I'm struggling with a decision here..

What is the best place (and why) to put the edit button on a table if the edit mode will act only in partial content of that row?

last, first columns or on the cell itself

edit mode example


It depends whether your users are entering large change sets, or are making small one-off changes.

I have previously developed a table that had an "edit mode" that you had to switch on. Once in edit mode all the editable fields of the selected row became text fields, so it was obvious which content you could change. Changed fields were highlighted in green, red for deleted rows, and you could filter to review the change set before saving. This approach is nice for large change sets, and for users who are mostly viewing data and want to feel confident they won't accidentally change something.

  • Thanks for the answer Franchesca! do you know if exist a pattern for where to put the edit button? on the first column or the last column of the table? – Luana Favetta Groppo Apr 12 '16 at 17:33
  • 1
    @LuanaFavettaGroppo I would say the last column as opposed to the first column. People read from left to right, so they read the row data first then decide whether to edit it. Generally this design pattern is implemented to only shows the edit button on the selected / mouse over row, not on the whole table at once. It is a better way to go than my above answer if your interface is a web page. – Franchesca Apr 12 '16 at 18:07

The trend I've seen of late is to place the edit button as close as possible to the thing you're editing (but only when you're focused on the element).

There's at least a few web apps I use that I can think of where hovering over a field presents a pencil icon, and from there I can click or double-click to modify the value for that one field. Obviously, the apps use different types of layouts, but you can experiment with the layout and see what works better.

A few apps use inline editing directly (shown below), while others display a modal input that overlays the page. The inline variety is my preference, as you don't need to move your mouse/finger very far to do quick edits.


download bmml source – Wireframes created with Balsamiq Mockups

This design works well if you're expecting a small number of edits or you want to give your users a quick way to edit single values. Of course, if you expect they'll need to edit multiple values per row at once, then putting the button in the first column would probably be best, at least in languages that read left-to-right. This is doubly true if there's a large amount of data (to the extent where the user might need to scroll right to find the edit button).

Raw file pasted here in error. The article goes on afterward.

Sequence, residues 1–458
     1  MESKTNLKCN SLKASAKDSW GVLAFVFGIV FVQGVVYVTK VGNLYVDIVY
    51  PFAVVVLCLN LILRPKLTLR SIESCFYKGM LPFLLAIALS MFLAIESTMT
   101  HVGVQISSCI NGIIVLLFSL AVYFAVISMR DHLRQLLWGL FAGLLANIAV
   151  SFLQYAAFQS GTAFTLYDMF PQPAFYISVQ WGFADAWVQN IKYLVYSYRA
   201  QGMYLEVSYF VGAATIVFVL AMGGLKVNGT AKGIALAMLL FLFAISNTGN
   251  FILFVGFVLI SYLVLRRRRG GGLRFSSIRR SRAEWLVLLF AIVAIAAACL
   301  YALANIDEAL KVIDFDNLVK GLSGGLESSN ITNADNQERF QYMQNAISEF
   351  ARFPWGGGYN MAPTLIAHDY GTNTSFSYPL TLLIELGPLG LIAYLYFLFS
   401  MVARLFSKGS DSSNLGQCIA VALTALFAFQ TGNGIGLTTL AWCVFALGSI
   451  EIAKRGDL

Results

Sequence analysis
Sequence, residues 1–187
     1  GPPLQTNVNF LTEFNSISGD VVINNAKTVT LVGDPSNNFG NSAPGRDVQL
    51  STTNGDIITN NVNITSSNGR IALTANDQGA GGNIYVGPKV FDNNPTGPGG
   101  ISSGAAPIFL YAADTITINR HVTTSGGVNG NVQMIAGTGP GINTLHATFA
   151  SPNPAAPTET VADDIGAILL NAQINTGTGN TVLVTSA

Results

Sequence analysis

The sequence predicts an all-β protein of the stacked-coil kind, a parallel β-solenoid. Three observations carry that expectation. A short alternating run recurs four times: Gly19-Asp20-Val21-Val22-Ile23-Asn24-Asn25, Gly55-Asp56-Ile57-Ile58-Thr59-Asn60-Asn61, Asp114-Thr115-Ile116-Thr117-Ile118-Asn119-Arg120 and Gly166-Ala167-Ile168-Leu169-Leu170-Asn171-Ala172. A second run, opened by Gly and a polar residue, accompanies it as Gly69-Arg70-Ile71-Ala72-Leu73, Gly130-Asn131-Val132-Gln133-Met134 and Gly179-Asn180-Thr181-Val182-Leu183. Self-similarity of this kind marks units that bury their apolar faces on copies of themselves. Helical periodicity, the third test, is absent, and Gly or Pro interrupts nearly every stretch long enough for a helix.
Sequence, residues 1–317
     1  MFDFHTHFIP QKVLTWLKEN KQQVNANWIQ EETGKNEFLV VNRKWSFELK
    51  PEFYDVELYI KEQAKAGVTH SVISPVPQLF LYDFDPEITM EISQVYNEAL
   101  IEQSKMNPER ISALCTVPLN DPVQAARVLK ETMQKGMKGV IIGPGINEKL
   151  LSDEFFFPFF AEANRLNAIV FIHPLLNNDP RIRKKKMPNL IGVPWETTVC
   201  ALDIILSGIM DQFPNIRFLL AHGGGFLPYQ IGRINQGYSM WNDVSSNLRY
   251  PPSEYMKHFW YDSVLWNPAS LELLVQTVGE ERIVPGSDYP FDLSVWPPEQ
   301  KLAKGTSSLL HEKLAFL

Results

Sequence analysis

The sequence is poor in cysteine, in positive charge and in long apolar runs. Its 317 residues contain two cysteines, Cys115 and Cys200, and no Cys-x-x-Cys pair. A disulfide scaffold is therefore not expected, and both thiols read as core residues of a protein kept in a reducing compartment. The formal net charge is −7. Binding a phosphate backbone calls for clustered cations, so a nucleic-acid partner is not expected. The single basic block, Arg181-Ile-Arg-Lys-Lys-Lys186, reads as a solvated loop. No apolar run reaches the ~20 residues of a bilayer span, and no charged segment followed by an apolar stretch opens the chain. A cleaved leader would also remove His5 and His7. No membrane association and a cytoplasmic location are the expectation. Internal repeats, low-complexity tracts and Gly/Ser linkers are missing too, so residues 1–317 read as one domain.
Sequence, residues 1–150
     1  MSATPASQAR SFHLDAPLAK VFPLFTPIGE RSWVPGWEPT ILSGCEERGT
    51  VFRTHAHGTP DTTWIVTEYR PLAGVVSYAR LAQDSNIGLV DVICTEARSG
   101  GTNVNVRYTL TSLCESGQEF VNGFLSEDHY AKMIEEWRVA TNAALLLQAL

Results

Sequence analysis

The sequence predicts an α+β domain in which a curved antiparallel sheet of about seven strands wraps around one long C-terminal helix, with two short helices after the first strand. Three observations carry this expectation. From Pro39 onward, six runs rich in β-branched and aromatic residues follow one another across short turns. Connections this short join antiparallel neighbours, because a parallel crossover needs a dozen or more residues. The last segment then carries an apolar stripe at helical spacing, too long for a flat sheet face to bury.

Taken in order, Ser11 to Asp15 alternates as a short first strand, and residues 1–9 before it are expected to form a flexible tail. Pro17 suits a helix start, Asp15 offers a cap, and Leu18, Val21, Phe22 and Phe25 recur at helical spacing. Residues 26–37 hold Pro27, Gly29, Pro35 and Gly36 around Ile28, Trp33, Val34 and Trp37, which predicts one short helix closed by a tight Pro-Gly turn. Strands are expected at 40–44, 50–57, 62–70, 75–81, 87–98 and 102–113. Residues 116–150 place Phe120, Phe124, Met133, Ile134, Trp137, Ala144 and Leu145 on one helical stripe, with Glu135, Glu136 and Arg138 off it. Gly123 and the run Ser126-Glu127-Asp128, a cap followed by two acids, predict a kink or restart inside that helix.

In addition to buttons, make sure that, if the device you're targeting has a keyboard, that ESC and Enter/Return are wired to the cancel and save/edit buttons (respectively), so that users don't actually need to even use the mouse if they don't want to, or have accessibility needs.


It possibile you open an modal to inform your user about this inputs they can change only clicking them and only appear the save button when they change this, using a mini animation in this case to better explain about this option.

I think it be better because is like you do on paper, get the eraser and change that value.

Instead add an single button you add a edit button to eache value they can change open a doubt to your user because they saw only one save button.

  • Your suggestion is to go to the in row clicking, without the pencil? I'm struggling with where to put the editing link/button/hover.. – Luana Favetta Groppo Apr 12 '16 at 17:06
  • Yes, when the user hover mouse for 2seconds some script recognize this and open this value to edit, only save and cancel button staying at right to remember this action, but like a backup when the user click outside this input show a modal with message to remember this action they doing. – Rick Benetti Apr 12 '16 at 18:46

First, I'd discard the one with the edit button on the left since it goes against the natural of flow of reading a row and then deciding to edit it.

Then you should analyze:

  • How many editable columns the tables has?
  • How often will users edit just one input from the same row at the same time?
  • How often will users edit several inputs from the same row at the same time?
  • How often will users edit several inputs from different rows at the same time?

Depending on the answer of these I would choose a different option between input, row or column editing.

For me most of the time row editing is what works best because it's a middle point that doesn't annoy users making them click in every input they want to edit but neither edit everything thus loosing the track of everything that was edited. This is a example:

enter image description here

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